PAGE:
It’s been just over a year since The Last of Us bid farewell to the PlayStation 3 era with what was unmistakably one of the greatest games of the period. Not a lot of time has passed, but a lot has changed in the 13 months since then. Most notably, the PS4 has released, opening up a door to new possibilities. As technically proficient as The Last of Us was, it fell off the list of best-looking games only months after release. Naughty Dog knew that would happen, and immediately began work on a PS4 port.
The Last of Us Remastered is supposed to bridge the gap between the PS3 and PS4, giving PlayStation gamers something to bite into during the drought-filled first year, while also affording those who—mistakenly—missed out on The Last of Us the opportunity to see what all the fuss is about. And really, it does just that.
I’m happy to say that everything that made The Last of Us a smash hit has been preserved in this remaster. From start to finish, everything feels as tidy as a Naughty Dog game should; there are no major bugs or issues to speak of that have emerged during the game’s travel to 2014. Controlling Joel as he braves the overwhelming challenges of a post-apocalyptic United States is as gripping as it was a year ago. Put simply, this isn’t a game that jeopardizes the quality of the original. Instead, it builds upon it to make it even better.
Although the core gameplay hasn’t changed, there are some minor additions, mostly in the form of optional DualShock 4 features. The use of the Light Bar to indicate player health, and the speaker’s use for tape recorder audio and flashlight sound effects are small accents that remind you that we’re now in the eighth generation of consoles . While these two previously mentioned additions aren’t particularly impactful, the improvements to the controls are. The Touch Pad is now used to open Joel’s backpack, which is much easier to press than Select in the PS3 version. Additionally, a L2/R2 aim and fire control scheme has been added, and in tandem with the ergonomic PS4 controller makes for a much better time during the game’s thoughtfully crafted combat sections. These improvements go a long way toward making The Last of Us Remastered feel good in the hands.
The visuals in The Last of Us Remastered are absolutely stunning. The upgrade to a 1080p resolution has killed much of the aliasing of the game, bringing clarity to what was already a phenomenal looking game. I’d go as far as to say that the cutscenes here are the best in any game ever made. The already superb animations have now been given more finely detailed character models, making for one remarkable spectacle. Made better, 60 FPS support (the PS3 version ran at 30 FPS) makes it extremely pleasant on the eyes. Although frame drops can occur during certain situations, especially when molotov cocktails and other lighting intense objects are in the environment, it remains steady for 99% of the experience.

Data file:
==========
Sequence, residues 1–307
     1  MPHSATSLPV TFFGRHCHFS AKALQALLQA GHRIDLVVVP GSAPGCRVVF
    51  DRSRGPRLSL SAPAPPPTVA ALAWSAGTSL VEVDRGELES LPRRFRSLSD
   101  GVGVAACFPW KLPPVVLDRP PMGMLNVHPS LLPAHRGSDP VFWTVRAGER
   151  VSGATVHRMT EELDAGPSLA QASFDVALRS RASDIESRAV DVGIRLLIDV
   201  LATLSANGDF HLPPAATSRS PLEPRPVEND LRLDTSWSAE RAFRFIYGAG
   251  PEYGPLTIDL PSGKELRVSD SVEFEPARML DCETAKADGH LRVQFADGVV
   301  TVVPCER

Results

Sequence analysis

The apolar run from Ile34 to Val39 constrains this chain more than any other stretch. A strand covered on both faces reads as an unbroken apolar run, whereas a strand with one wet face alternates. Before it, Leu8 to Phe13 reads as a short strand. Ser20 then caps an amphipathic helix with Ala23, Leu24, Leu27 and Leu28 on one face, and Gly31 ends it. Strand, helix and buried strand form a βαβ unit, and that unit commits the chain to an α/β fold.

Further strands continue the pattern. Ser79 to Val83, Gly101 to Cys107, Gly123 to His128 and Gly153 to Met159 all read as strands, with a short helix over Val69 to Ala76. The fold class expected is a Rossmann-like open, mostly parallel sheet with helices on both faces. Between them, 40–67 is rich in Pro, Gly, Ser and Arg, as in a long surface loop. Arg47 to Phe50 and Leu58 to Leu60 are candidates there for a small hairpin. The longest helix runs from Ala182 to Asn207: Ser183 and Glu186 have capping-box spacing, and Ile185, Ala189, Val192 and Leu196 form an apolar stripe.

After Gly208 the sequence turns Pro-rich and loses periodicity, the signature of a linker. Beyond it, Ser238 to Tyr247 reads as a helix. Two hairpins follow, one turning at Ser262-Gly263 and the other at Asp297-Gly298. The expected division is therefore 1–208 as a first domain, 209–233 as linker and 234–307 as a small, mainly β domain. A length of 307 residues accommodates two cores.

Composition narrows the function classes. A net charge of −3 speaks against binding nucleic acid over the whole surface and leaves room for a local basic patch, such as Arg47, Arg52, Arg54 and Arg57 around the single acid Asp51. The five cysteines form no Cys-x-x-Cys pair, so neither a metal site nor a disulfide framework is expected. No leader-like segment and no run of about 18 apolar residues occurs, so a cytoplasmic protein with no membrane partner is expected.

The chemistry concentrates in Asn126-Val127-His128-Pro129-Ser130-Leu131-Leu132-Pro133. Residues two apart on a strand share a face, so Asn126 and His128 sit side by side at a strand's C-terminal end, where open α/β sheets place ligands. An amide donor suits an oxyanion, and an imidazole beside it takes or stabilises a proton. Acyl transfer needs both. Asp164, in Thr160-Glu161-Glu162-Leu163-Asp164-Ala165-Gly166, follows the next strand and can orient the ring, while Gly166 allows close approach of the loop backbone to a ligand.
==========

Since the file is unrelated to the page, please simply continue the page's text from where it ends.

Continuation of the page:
Although Naughty Dog is an extremely capable developer, there are frequent hints that this is a game that originally debuted on the PS3. Issues with alpha and post-processing show blemish on what is otherwise a beautiful game. Also, it appears that the development team was unable to push high-quality shadows along with the 60 FPS display. As such, there is a 30 FPS lock option in the settings which limits the framerate, but remedies the occasional blocky shadows that stick out like a sore thumb. Truthfully, as much as the shadows stand out as the biggest inconsistency in the presentation, if you aren’t looking for them you might not notice. Just be sure to check for them before taking screenshots in Photo Mode, or enable the 30 FPS lock and call it a day.
Speaking of which, Photo Mode might actually be the most surprisingly awesome thing about the package. Not only can you take screenshots of your game experience and easily share them with the world, but you can tune the camera angle and other settings to make professional quality images. Since The Last of Us Remastered is a graphical showcase—similar to inFamous: Second Son—, you are sure to encounter moments that are Share button friendly.
In terms of content, the inclusion of multiplayer map packs and the Left Behind DLC adds several extra hours of gameplay. The Grounded difficulty mode is also included for the challenge hungry. The only disappointment is that the Director’s Commentary is only accessible through the cinematics gallery, meaning you can’t play the game while listening to Neil Druckmann, Troy Baker, and Ashley Johnson. Oh, and there’s no way to resume where you last left off with the Grounded: The Making of The Last of Us documentary—just watch it on YouTube. Chances are you won’t even bother.
Also See: 30 vs 60 FPS Shadows Comparison
More than anything, The Last of Us Remastered is made specifically for the people who missed out on The Last of Us the first time around. This is the definitive version of last year’s Game of the Year, but not necessarily the kind of package that is a must-have for those who already made the captivating trip from start to finish. As much as I loved my PS3 playthrough, what’s here is a bit too familiar to make it as big of a deal as I was hoping for.
Nonetheless, The Last of Us is one of the greatest games of the last decade. That’s reason alone to make this a great addition to the PS4 library.
Jonathan Leack is the Gaming Editor for CraveOnline. You can follow him on Twitter @jleack.
Copy provided by publisher. The Last of Us Remastered is a PS4 exclusive.